Julie Marsh is a Senior Lecturer at the Centre for Research and Education in Arts and Media (CREAM). Julie is an artist filmmaker and researcher . She studied at London College of Communication, University of the Arts, London, completing a PhD in 2017. Julie’s practice is research-based, process-driven and multi-disciplinary. Her projects are site-specific and collaborative; building direct social relationships with new audiences specific to the site.
Julie is a specialist in interdisciplinary practice and teaching, exploring the intersections between film, installation, performance, interactivity and site-specificity. She is a 0.6 Senior Lecturer in Intermedia practice and 0.4 researcher for CREAM: The Centre for Research and Education in Arts and Media. Julie has also taught at art colleges internationally including Goldsmiths, London; London College of Communication, London; The Arts University Bournemouth, UK; FAMU, Prague; Aalto University; Finland.
Through the exploration of real and representational space Julie investigates how technical machines can perform site, creating critical experiences for audiences that open debate and question social spaces. In developing her practice, she has coined the term site-integrity to describe the process of using the same camera motorised rig to film the location and to play back the recorded image onto the same surfaces of the site. The motorised rig is used as both a creature of autonomy and a source of possibility through which site materiality might be found and shared. It provides this research with an objective viewpoint and a technological ability to go inside somewhere physically restricted, distant or forbidden. Site-integrity is essentially a performance art practice where technology, artist and audience are engaged in the completion of the artwork.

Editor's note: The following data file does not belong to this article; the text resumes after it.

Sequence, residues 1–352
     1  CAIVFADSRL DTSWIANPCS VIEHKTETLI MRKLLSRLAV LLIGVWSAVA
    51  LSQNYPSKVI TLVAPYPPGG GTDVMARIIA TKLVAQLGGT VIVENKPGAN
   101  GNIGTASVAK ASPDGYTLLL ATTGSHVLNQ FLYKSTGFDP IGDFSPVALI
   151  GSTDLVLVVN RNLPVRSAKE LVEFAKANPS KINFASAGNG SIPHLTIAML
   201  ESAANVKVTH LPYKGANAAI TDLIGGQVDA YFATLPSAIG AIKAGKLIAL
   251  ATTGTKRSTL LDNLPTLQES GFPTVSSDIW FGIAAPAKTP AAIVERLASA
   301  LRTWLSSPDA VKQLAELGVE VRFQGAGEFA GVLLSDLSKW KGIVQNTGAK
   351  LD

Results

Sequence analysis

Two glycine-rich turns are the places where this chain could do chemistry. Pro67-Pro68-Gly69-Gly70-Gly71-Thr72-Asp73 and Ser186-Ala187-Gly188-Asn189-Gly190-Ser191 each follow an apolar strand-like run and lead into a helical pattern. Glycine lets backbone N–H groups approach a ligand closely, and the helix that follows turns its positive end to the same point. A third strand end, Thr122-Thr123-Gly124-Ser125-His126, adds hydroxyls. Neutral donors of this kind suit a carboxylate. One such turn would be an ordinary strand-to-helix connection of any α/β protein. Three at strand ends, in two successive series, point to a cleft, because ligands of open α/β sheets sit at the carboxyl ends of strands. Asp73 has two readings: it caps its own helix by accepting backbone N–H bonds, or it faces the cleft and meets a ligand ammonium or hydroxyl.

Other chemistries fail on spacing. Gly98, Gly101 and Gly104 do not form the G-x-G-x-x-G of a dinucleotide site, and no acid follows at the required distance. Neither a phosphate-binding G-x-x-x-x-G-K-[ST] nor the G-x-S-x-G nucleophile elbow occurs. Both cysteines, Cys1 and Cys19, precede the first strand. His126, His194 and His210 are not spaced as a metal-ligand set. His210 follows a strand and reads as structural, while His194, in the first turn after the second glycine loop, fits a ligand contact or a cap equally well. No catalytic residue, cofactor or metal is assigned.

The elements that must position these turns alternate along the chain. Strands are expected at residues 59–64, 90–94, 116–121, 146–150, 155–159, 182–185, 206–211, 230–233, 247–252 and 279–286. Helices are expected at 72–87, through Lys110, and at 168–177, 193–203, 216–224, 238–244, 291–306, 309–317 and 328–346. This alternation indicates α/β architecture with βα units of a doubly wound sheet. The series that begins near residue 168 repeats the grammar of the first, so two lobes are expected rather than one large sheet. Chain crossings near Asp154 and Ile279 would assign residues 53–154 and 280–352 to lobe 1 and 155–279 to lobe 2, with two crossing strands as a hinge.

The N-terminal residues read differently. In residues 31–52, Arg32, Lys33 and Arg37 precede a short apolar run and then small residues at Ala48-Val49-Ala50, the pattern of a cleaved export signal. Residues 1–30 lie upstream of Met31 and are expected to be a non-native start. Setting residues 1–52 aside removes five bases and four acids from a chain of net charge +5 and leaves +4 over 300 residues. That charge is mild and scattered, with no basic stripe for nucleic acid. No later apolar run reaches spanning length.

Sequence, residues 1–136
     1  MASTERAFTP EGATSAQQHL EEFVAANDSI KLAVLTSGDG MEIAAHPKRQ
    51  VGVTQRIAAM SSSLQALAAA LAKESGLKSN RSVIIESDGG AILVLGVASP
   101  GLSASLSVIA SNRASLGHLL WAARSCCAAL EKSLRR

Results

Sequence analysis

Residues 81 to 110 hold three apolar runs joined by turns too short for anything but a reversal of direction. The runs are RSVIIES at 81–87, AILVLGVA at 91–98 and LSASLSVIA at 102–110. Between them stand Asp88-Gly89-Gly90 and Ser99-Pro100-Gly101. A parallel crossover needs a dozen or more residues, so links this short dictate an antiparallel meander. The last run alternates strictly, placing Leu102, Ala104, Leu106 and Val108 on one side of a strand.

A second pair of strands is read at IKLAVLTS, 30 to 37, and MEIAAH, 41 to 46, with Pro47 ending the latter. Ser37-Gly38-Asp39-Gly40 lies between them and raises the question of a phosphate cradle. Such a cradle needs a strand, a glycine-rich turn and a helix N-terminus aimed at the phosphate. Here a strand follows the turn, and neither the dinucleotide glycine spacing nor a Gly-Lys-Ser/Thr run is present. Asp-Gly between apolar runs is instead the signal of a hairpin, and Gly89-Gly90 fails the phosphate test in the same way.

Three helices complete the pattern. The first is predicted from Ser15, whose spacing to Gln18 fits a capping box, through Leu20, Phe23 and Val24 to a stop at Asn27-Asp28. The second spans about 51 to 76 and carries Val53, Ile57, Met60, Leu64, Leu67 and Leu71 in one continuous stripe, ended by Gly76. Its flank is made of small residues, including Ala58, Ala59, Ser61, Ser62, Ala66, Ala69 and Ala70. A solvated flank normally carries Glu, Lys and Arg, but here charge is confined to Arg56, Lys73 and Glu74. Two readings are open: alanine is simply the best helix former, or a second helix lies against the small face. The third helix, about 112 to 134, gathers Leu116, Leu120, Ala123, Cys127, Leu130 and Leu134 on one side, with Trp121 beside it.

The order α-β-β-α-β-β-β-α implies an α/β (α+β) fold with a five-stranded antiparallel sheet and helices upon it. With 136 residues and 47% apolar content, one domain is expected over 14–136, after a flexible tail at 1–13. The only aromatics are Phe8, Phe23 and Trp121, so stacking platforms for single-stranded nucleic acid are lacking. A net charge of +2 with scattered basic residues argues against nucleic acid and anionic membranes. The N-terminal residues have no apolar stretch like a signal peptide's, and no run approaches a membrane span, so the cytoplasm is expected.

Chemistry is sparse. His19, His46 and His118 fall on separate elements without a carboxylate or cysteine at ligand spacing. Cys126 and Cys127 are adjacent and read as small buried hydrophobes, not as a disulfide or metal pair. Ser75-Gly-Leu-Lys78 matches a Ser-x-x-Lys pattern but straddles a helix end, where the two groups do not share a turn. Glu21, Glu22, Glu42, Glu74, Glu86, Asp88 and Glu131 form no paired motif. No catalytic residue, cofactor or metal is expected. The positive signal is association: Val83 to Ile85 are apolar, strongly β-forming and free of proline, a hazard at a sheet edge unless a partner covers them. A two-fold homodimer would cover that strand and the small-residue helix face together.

Recent projects include: Brick Lane Jamme Masjid in London, commissioned by The East London Communities Organisation (TELCO) and Tower Hamlets Interfaith Forum; Lokomotywownia, commissioned by The Starmach Gallery, Poland and Pestera Monastery, commissioned by Atelier Contemporary Art Space, Romania.